ei

PDF Web DOI [BibTex]

PDF Web DOI [BibTex]


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The DICS repository: module-assisted analysis of disease-related gene lists

Dietmann, S., Georgii, E., Antonov, A., Tsuda, K., Mewes, H.

Bioinformatics, 25(6):830-831, January 2009 (article)

Abstract
The DICS database is a dynamic web repository of computationally predicted functional modules from the human protein–protein interaction network. It provides references to the CORUM, DrugBank, KEGG and Reactome pathway databases. DICS can be accessed for retrieving sets of overlapping modules and protein complexes that are significantly enriched in a gene list, thereby providing valuable information about the functional context.

ei

Web DOI [BibTex]

Web DOI [BibTex]


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mGene: accurate SVM-based gene finding with an application to nematode genomes

Schweikert, G., Zien, A., Zeller, G., Behr, J., Dieterich, C., Ong, C., Philips, P., De Bona, F., Hartmann, L., Bohlen, A., Krüger, N., Sonnenburg, S., Rätsch, G.

Genome Research, 19(11):2133-43, 2009 (article)

Abstract
We present a highly accurate gene-prediction system for eukaryotic genomes, called mGene. It combines in an unprecedented manner the flexibility of generalized hidden Markov models (gHMMs) with the predictive power of modern machine learning methods, such as Support Vector Machines (SVMs). Its excellent performance was proved in an objective competition based on the genome of the nematode Caenorhabditis elegans. Considering the average of sensitivity and specificity, the developmental version of mGene exhibited the best prediction performance on nucleotide, exon, and transcript level for ab initio and multiple-genome gene-prediction tasks. The fully developed version shows superior performance in 10 out of 12 evaluation criteria compared with the other participating gene finders, including Fgenesh++ and Augustus. An in-depth analysis of mGene's genome-wide predictions revealed that approximately 2200 predicted genes were not contained in the current genome annotation. Testing a subset of 57 of these genes by RT-PCR and sequencing, we confirmed expression for 24 (42%) of them. mGene missed 300 annotated genes, out of which 205 were unconfirmed. RT-PCR testing of 24 of these genes resulted in a success rate of merely 8%. These findings suggest that even the gene catalog of a well-studied organism such as C. elegans can be substantially improved by mGene's predictions. We also provide gene predictions for the four nematodes C. briggsae, C. brenneri, C. japonica, and C. remanei. Comparing the resulting proteomes among these organisms and to the known protein universe, we identified many species-specific gene inventions. In a quality assessment of several available annotations for these genomes, we find that mGene's predictions are most accurate.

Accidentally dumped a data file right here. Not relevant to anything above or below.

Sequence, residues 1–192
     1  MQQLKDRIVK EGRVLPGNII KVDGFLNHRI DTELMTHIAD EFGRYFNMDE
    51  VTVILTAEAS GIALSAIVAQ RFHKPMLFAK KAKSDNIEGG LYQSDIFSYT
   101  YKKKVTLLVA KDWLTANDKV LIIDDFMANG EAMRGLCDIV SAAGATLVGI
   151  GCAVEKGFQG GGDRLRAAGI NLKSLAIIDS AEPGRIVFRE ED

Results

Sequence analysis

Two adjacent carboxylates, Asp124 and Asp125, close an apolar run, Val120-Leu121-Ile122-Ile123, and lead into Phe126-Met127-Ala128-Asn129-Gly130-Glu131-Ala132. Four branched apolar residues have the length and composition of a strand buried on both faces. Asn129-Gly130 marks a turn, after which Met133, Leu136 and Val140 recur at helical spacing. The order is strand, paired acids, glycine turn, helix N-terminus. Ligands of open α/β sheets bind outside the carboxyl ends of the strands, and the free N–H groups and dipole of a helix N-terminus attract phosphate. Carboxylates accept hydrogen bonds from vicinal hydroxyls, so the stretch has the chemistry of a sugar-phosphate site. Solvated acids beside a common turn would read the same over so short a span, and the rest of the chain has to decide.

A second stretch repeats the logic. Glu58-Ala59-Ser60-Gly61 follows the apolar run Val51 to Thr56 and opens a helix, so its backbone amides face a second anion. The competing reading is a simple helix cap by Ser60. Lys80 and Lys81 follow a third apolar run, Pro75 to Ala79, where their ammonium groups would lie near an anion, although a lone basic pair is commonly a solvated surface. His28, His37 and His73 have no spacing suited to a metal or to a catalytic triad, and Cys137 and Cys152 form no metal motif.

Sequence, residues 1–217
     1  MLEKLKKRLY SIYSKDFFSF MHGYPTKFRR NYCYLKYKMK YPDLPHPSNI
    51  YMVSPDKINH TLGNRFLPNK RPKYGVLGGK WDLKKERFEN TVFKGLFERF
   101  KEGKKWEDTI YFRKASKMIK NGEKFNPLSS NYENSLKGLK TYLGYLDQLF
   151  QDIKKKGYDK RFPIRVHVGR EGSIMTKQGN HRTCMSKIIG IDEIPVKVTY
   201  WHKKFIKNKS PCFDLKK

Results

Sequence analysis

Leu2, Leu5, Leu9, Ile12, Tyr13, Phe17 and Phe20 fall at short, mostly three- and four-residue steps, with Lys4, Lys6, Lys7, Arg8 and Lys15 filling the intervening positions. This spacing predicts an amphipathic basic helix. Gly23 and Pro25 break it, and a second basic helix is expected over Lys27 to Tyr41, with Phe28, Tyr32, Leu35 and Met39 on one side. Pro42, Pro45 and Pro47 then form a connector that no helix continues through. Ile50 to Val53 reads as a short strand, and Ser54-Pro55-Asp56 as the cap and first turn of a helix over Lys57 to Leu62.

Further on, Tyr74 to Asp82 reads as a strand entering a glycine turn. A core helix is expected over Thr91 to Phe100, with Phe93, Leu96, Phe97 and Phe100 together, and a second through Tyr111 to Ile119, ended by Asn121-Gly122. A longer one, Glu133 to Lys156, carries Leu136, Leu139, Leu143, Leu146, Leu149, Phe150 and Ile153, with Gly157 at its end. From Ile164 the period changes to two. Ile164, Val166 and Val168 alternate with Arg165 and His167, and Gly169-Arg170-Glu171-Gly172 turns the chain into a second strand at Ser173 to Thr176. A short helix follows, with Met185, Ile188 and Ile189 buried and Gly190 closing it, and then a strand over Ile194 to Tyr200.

ei

DOI [BibTex]

DOI [BibTex]


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Structure and activity of the N-terminal substrate recognition domains in proteasomal ATPases

Djuranovic, S., Hartmann, MD., Habeck, M., Ursinus, A., Zwickl, P., Martin, J., Lupas, AN., Zeth, K.

Molecular Cell, 34(5):580-590, 2009 (article)

Abstract